Kirk Ferentz’s longevity gives the Iowa Hawkeyes a sense of stability that is missing from most major college programs.
(C+P) — In a world where coaches are cycled through faster than a kid goes through clean clothes, Iowa head coach Kirk Ferentz has been one of the exceptions as he is now entering his 16th season at the university.
Ferentz’s 16 seasons at the helm leads the Big Ten by a wide margin. Northwestern’s Pat Fitzgerald is next with nine seasons. Out of the Big Ten’s 12 head coaches, ten of them began leading their teams in 2011 or later. That means that only one-fourth of the coaches in the Big Ten have coached their teams for more than four years.
That statistic is one of the reasons why the Big Ten has been down lately. When a program constantly changes head coaches, it can really screw up their team. The players may be suited for a completely different style of football compared to the new head coach’s. The program then fires their coach too early because they have too high expectations and they are back at square one. It is the same rut that programs like Illinois, Indiana, and Purdue have found themselves in recently. In some cases the coaches just weren’t good, but in other instances the university probably gave up too early.
Unless the program is one of the true blue-bloods like Ohio State, it is hard to avoid the vicious cycle. Even when the program is amongst the top tier, sometimes a new hire can ruin the program (I’m looking at you Michigan.)
When a program has stability, the players buy into it easier. They know that the coach will be there for longer so they are more comfortable there. They build a good connection with the staff and they have more time to learn the system. That has been at the root of Ferentz’s success.
Ferentz had the same offensive coordinator and defensive coordinator from 1999-2011 before they both left, one retired and the other pursued a different job. That stability helped turn Iowa into the pro factory it is today. His offense was typically middling, carried by a dominating run game and relying on the play action pass to move the sticks. The offense was good enough to score just enough points to win games. His defense was the definition of bend but don’t break as they gave up the short play but not letting any big plays by. Under former defensive coordinator Norm Parker they were consistently a top 20 defense.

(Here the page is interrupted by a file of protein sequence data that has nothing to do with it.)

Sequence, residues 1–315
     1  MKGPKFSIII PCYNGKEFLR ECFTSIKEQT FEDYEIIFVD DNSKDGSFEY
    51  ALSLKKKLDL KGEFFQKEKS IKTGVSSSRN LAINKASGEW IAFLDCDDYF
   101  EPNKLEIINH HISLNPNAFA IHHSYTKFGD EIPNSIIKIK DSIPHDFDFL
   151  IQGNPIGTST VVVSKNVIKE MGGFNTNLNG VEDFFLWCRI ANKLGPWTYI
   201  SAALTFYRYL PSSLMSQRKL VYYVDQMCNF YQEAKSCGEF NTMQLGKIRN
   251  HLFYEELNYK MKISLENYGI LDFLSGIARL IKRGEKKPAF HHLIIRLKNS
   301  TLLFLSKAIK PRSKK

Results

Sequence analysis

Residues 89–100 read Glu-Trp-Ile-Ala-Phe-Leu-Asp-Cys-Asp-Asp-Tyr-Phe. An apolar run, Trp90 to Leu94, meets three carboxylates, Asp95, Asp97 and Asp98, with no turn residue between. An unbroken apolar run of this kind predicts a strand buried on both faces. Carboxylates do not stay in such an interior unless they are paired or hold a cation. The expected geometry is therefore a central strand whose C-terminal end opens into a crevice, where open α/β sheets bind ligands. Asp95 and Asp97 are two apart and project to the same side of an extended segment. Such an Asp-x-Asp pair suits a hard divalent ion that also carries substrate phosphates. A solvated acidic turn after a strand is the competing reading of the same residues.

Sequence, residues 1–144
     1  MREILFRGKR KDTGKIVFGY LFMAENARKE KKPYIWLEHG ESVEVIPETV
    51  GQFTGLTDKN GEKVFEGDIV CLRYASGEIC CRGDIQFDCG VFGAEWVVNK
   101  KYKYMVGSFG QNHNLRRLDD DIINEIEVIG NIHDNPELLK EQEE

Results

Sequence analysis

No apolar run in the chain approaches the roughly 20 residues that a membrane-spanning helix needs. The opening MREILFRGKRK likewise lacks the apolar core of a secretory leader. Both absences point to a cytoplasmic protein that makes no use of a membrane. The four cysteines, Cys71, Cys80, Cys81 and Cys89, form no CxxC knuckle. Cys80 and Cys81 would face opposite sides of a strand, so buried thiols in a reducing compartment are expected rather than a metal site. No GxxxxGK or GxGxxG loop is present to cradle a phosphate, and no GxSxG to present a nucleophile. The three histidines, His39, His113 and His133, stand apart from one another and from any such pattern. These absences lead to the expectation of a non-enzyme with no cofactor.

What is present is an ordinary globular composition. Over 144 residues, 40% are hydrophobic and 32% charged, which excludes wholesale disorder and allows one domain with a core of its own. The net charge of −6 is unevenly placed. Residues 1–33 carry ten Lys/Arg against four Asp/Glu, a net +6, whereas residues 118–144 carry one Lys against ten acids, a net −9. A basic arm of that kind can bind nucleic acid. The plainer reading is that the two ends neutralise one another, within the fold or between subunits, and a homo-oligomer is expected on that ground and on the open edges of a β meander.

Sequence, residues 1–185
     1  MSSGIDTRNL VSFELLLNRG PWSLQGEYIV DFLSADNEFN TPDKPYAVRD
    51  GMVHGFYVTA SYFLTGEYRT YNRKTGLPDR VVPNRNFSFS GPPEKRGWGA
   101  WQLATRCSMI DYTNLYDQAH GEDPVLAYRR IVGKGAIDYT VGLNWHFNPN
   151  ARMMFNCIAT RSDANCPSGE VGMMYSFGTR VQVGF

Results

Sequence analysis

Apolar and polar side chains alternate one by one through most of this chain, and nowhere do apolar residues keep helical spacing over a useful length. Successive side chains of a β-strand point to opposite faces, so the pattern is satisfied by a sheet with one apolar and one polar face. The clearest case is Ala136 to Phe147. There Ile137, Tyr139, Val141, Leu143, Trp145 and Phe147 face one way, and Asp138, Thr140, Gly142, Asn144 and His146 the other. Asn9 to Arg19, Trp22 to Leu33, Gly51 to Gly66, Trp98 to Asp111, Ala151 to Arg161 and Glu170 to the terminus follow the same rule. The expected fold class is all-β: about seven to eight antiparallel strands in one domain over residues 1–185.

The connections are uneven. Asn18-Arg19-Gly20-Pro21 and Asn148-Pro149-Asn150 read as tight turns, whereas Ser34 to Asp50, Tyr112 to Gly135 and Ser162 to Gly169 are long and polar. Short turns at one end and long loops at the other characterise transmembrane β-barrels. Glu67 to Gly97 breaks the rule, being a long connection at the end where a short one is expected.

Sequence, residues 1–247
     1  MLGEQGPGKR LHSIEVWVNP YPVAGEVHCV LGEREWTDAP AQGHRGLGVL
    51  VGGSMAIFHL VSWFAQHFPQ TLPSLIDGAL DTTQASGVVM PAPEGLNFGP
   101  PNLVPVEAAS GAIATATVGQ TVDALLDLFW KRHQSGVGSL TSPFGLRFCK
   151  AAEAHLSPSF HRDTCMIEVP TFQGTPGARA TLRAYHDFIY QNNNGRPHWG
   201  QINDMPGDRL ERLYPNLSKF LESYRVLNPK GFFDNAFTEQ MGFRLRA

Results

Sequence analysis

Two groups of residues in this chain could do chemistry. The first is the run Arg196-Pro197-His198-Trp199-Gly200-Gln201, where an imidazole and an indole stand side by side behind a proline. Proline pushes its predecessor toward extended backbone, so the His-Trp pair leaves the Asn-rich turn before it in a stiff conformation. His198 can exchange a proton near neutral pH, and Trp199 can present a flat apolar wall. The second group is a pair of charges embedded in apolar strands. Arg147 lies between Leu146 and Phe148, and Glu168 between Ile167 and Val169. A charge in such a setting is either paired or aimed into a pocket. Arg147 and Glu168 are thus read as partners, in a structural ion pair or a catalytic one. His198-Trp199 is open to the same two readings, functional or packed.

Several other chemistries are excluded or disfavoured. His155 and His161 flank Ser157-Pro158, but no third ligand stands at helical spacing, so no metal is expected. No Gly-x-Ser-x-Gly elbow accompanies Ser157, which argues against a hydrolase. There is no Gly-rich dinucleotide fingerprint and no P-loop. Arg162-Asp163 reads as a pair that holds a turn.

In those years Ferentz’s record was stable. In between 2001 and 2011, Iowa averaged a little more than eight wins per season. Their lowest total of wins during those 11 seasons was six, which happened twice.
Then, in 2012 Iowa lost both of their coordinators, as well as some positional coaches. With two new coordinators, Iowa dropped to a 4-8 record, the worst in Ferentz’s tenure since 2000 and 1999. That record wasn’t just because of the different coordinators (a lot was attrition from past recruiting classes), but having new coordinators didn’t help at all. If they were playing in the same system, the one they were used to and comfortable in, they would have performed better. Last year with the same coordinators, they improved on both sides of the ball. The offense was still shaky, but the defense was tremendous. Perhaps another year in the new offensive system will help the offense some more. The defense will keep on getting better after getting used to the slight tweaks implemented by the new defensive coordinator Phil Parker.
A lot of Coaches Ferentz’s recent hires look to be here for a long time. This could be a new era of football under Ferentz. The team may look slightly different, the coordinators will call the plays differently, but the team will be stable, and it looks like the wins will come pouring in soon.